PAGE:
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I just wanted to say welcome - and how lucky your friend is to have you! I can't add much to the wise information and advice you've already received here - but I can tell you that I have been diagnosed with lung cancer twice in the past 13+ years and I am still here and enjoying life. I always ask my doctor how I'm doing, and he always responds with "you tell me - how do you feel?". So far, I feel good and hope to continue feeling that way for some time to come.

I really like what Stephanie said -

We're all terminal - but some of us have a disease that isn't curable, even though it can be treated.

This is so true, although I think that people who do not have a serious illness tend to lose sight of that.

Please let us know how you are doing.


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I come from the other side of Cancer myself . My late wife never was told what her stage was or how advanced it was. She did not have time to worry about it. She was out to empty her bucket list a as fast as she could do that! She had to try and conquer the world. I was the one who kept track of her condition so I know exactly how you are feeling.

These are the things I did to cope with it when she was really sick . I talked to God. Went outside at night with a glass of favorite beverage at the time and talked to him, Screamed at him said some not nice things and apologized for them. But I said everything on my mind.

I threw Eggs at Trees! Yep You read that right. Take an Egg and write Cancer on it. Reach way back and throw it as hard as you can at the nearest tree! Cancer goes away! write tumor on the next one and repeat the steps..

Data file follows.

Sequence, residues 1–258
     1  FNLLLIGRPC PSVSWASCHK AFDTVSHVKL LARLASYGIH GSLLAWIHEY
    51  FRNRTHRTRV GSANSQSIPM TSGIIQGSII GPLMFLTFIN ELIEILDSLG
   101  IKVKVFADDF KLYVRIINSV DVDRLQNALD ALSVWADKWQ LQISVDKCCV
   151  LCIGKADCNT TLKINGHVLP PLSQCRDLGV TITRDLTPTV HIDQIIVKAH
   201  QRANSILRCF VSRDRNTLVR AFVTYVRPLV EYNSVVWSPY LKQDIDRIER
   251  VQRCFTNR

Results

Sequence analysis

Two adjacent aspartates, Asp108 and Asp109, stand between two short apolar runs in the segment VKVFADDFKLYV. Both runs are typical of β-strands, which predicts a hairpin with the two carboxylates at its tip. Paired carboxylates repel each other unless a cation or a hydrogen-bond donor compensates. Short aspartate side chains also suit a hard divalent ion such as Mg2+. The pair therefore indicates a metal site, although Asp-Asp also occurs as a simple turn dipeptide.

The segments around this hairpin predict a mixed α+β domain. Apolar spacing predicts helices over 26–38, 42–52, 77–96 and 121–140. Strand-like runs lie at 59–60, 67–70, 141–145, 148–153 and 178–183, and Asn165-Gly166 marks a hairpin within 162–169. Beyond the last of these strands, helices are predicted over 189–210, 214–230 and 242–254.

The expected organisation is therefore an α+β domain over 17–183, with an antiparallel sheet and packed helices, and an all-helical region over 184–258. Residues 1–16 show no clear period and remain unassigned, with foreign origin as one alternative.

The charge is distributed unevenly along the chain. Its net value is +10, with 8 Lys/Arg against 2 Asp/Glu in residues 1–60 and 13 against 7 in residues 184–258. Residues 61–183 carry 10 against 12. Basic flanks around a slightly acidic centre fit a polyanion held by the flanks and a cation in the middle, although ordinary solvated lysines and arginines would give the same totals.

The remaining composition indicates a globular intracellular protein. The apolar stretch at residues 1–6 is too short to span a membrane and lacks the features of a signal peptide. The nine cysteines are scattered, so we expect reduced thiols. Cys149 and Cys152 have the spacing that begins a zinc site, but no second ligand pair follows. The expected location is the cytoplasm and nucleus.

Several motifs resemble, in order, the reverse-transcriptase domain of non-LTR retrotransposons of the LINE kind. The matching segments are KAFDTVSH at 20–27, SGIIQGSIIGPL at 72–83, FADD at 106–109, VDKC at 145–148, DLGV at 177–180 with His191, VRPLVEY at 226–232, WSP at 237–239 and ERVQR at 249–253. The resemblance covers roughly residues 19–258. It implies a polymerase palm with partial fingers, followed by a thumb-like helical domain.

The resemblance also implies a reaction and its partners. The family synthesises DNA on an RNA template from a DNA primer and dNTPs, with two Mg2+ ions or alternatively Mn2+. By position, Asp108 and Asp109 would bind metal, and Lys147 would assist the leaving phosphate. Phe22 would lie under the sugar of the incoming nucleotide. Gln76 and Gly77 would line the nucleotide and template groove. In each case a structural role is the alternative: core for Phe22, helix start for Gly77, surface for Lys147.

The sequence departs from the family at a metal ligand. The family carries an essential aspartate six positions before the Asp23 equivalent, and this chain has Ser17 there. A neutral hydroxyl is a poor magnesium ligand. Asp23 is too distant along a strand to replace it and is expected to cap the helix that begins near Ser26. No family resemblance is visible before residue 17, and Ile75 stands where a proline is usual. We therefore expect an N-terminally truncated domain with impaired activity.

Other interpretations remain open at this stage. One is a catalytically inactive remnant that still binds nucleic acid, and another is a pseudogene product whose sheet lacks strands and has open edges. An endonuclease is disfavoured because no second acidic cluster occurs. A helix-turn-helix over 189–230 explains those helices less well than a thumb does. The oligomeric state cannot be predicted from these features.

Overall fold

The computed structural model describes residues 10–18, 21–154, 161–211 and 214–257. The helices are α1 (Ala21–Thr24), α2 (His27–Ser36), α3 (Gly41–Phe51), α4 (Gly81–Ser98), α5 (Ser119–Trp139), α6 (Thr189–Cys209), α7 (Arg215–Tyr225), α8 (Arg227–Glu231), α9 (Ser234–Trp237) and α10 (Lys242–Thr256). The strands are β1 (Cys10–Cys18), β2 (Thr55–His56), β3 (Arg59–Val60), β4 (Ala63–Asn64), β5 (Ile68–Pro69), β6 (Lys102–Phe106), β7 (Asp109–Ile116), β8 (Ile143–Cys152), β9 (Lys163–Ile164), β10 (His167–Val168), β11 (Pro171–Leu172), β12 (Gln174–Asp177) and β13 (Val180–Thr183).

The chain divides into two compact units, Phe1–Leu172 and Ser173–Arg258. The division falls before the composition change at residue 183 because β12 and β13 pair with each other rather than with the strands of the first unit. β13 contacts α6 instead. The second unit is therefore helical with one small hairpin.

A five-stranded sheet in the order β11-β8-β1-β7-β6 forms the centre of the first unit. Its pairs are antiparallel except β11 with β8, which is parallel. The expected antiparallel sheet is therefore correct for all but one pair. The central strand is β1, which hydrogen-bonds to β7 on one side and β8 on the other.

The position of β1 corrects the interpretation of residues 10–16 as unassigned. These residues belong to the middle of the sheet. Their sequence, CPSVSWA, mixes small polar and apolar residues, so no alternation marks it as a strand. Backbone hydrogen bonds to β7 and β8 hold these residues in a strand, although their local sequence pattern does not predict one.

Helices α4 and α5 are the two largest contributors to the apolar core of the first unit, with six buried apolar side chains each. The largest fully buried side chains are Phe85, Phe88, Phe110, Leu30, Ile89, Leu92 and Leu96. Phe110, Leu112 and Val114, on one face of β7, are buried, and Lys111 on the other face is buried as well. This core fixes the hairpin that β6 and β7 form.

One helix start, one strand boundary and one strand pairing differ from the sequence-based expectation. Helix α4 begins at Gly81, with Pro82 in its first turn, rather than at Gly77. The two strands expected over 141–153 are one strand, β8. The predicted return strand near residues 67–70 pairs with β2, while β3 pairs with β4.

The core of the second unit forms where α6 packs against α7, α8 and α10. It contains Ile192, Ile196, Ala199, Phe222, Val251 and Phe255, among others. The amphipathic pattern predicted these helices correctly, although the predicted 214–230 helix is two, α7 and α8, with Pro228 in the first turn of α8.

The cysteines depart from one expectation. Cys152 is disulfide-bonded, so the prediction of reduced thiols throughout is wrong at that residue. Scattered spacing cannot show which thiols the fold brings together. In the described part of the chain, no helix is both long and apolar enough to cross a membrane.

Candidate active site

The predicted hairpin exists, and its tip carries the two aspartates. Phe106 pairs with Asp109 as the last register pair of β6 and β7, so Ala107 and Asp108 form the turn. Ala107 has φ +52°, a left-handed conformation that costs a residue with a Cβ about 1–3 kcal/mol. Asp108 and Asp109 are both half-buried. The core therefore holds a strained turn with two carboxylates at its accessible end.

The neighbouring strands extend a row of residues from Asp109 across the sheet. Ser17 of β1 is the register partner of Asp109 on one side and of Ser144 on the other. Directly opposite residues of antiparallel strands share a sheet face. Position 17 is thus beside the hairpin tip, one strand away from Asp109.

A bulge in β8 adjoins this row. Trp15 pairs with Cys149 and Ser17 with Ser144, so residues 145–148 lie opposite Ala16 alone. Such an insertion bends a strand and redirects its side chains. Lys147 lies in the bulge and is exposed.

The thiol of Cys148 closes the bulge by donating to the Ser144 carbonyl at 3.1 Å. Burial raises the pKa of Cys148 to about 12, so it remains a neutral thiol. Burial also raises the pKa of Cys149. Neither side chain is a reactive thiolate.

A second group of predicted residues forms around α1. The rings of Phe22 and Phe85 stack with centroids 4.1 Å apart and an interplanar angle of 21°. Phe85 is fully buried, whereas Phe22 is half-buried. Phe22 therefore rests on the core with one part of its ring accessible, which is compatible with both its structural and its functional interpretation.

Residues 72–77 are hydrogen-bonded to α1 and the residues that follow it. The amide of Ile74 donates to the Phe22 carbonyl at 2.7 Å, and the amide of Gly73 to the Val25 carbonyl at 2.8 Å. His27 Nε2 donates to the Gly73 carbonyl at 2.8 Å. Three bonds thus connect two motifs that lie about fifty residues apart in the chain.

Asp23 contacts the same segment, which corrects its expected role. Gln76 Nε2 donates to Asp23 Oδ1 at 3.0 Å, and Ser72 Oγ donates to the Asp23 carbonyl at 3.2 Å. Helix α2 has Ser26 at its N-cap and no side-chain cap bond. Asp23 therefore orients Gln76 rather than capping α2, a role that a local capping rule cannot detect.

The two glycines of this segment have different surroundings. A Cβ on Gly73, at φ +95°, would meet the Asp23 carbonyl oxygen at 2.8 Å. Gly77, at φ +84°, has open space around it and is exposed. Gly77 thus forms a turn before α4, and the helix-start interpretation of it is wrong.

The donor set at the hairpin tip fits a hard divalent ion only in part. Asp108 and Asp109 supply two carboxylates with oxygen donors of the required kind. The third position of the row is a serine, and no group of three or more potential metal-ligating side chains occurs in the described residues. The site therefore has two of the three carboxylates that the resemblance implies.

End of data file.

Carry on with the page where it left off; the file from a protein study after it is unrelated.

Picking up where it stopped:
And Cry, It gts the sadness out of your system if that is what you feel like doing. You can do whatever helps you cope right now! Don't let anyone tell you how to feel or react! Its Your friend!

It Helps...........

Hugs and Prayers to you and everyone around you involved in this fight!

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I am so sorry about your friend. I hope she is one of the people that Tarceva works for. It is a drug that can keep people living with lung cancer a long time. We have many many examples of people here that are living with lung cancer due to Tarceva stopping the progression of the disease. If not Tarceva, there are other drugs on track that may be her ticket to watching her kids graduate.

She and her husband are very lucky to have your support - not many people get that even from family members. Every little thing you do means a great deal to them believe me. I can still remember every dish someone dropped over for dinner, and every kindness shown to us.

Keep us posted on how she does-- and how you are doing too.

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Thank you all for your lovely replies and advice.

I'm afraid it wasn't good news this week. Her primary tumors haven't changed but the tumor in her liver has grown. Drs say this means Tarceva is not affective. SO it has stopped and next week chemo begins again for 4 cycles. Not the same chemo as last time but a much more aggresive chemo that will make her very ill.

It seems we all got a little hope from the change of treatment and there was talk that the tumors may stop growing and possibly even shrink with this chemo. My question to all of you - is why the hell don't they do this in the first place? Does this mean there is hope of curing now or is it that its just going to try and buy more time? I didn't want to burst anybodys bubble by asking this awful question!

And this week has seen another change - loss of motiviation and some 'sick' days. Thats not something shes had all year. ALways felt well until this week, although has needed afternoon naps for a little while they seem to be getting longer. Also a loss of appetite - but this could possibly be from the Tarceva drs said?

Its all so scary.

thanks again, its 'nice' (for want of a better word!) to have a place to come and ask these questions xxxx

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Once the lung cancer has moved from a local tumor in the lung to brain, bones, liver, or other organs, it is not considered curable. But it is treatable.

Since your friend is a young woman (though not necessarily of Asian descent) she presented clinically as a likely candidate for Tarceva. It's a fairly easy targeted therapy and can give excellent quality of life while controlling lung cancer for years. I don't know if they tested your friend for an EGFR mutation? If they did and she was positive for it, Tarceva was a really good choice. Otherwise, they were hoping it was the right choice. The "art" of medicine.